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India’s first railway station named after a Bengali woman

18 June, 2020 22:34:04
India’s first railway station named after a Bengali woman

There is a common tradition in India of naming places after well-known and successful personalities from different walks of life. The Eastern Railways has followed the custom and there are a large number of stations dedicated in the memory of successful sons of the soil. But there is one striking factor that often goes unnoticed by most – how come there is not a single station named after any daughter of the soil in the history of Eastern Railways? But in reality, there is one, and that very first is named Belanagar.  

Bela Bose

Belanagar is named after Bela Bose. Don’t confuse this name with the popular Anjan Dutta track. Bela Bose was born in the illustrious family of Netaji Subhash Chandra Bose. She was Netaji’s niece and the younger daughter of Netaji’s ‘Sej-da’ (elder brother) Suresh Chandra Bose. The younger sibling of Ila Bose, who played a vital role in Netaji’s grand escape from house arrest in 1941, Bela was born in their ancestral home at Kodalia. 

In 1940, Netaji severed his ties with Congress at the Ramgarh conclave and called for radical movement to oust the British imperialists from the country. She married Haridas Mitra, Chief of Intelligence, Indian National Army (INA) in 1936. After World War II, Mitra along with three other revolutionaries, namely Jyotish Chandra Bose, Pabitra Roy and Amar Singh were arrested and tried on charges of treason and anti-national activities. All of them were sentenced to death on September 11, 1945, but Mahatma Gandhi intervened and managed to revert their death sentences to life imprisonment.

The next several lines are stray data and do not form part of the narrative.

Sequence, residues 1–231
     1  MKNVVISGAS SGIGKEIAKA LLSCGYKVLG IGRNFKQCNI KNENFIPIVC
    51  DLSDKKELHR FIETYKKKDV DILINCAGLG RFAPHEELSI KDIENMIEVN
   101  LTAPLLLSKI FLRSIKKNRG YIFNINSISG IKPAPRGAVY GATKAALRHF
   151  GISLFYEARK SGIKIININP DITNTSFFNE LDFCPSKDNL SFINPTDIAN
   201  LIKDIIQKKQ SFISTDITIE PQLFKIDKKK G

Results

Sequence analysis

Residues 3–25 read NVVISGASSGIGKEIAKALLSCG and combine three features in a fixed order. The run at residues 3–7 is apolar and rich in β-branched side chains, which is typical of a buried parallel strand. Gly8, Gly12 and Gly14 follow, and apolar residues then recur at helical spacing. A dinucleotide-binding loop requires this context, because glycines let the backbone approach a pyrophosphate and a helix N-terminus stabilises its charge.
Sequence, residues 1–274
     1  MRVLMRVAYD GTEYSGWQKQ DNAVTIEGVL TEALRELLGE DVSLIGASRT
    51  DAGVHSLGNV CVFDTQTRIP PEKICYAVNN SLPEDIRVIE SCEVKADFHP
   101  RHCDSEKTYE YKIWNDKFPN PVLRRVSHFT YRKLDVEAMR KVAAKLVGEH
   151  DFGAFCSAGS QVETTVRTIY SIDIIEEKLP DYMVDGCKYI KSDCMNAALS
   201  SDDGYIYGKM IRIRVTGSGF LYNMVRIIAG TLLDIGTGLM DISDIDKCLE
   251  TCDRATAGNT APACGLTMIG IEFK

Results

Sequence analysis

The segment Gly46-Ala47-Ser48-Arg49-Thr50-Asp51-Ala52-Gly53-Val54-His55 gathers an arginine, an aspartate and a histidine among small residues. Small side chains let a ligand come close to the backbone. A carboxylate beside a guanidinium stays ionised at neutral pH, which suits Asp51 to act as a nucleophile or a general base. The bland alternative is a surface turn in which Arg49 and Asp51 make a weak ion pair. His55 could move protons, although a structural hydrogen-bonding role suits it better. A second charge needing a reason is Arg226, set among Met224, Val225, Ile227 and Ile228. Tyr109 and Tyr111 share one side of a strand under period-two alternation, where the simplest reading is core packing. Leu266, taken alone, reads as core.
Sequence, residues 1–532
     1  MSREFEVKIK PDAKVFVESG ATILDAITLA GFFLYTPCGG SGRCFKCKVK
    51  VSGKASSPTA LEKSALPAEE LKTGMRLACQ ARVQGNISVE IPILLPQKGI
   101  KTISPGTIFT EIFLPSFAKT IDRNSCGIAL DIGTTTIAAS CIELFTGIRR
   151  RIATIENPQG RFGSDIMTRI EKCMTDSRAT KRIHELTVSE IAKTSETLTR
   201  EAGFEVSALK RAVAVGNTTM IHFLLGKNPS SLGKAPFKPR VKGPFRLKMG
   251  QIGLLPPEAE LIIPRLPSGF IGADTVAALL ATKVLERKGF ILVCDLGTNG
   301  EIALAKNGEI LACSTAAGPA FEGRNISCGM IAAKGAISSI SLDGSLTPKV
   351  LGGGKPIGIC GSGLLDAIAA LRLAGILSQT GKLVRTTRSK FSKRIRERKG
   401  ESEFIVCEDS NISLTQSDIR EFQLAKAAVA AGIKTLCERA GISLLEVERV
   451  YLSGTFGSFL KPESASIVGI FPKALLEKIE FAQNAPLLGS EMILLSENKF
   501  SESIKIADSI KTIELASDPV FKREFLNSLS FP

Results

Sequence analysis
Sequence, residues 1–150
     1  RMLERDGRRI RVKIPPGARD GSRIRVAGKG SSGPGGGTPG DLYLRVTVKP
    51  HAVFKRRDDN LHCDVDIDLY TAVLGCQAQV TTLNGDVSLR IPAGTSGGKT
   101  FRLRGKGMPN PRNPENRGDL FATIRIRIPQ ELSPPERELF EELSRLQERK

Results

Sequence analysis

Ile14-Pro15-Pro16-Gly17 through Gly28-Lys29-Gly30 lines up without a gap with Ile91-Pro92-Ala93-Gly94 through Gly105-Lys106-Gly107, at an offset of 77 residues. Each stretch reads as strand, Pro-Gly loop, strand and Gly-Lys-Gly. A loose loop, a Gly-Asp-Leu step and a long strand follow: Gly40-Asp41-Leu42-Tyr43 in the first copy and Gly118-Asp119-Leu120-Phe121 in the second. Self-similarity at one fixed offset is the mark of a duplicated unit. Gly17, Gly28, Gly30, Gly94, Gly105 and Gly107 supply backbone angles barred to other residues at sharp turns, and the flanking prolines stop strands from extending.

Bela Bose was also assigned to maintain contact discreetly and look after the safety of the INA team members whom Netaji sent to infiltrate India from East Asia from time to time. In 1944, a secret transmission service was set up and vital messages were exchanged from an undisclosed centre in Calcutta to Singapore. This service continued from January to October and Bela headed the operations in Calcutta. She also transported the revolutionaries to safe shelters during this phase. She took up this assignment after her husband, Haridas Mitra was arrested.   She took great risks to arrange for the safe passage of freedom fighters who had landed in Odisha coastal areas. 

After Independence, Mitra joined Congress Party and became the Deputy Speaker of Vidhan Sabha after winning the elections. Bela did not join any political party. Instead, she continued her social work through her newly-formed team, Jhansi Rani. Her team worked tirelessly for relocating and re-settlement of millions of refugees who poured in from East Pakistan. In fact, she set up camps at Abhaynagar on the Bally-Dankuni line and stayed there to oversee proper  resettlement of the refugees.  She exerrted herself so much that gradually her health gave way. She fell critically ill and finally in July 1952, she breathed her last.  

The foot over bridge at Belanagar Station

Bela Bose was a dedicated soul who always preferred to remain in the shadows and worked for the upliftment of the masses. History has denied her the position she deserved and her invaluable contributions have mostly been forgotten. People may not know her but her son, the present finance minister of West Bengal, Amit Mitra, is an erudite and respected senior member of the Cabinet. 

In a bid to pay homage to this  great lady of substance, the Indian Railways decided to name Belanagar station on the Burdwan Cord line near the former refugee camp at Abhaynagar, where she worked tirelessly for the homeless, rootless people. This was the first time that the Indian Railways named a station after a daughter of the land.

Story Tag:
  • History of Bengal, Belanagar

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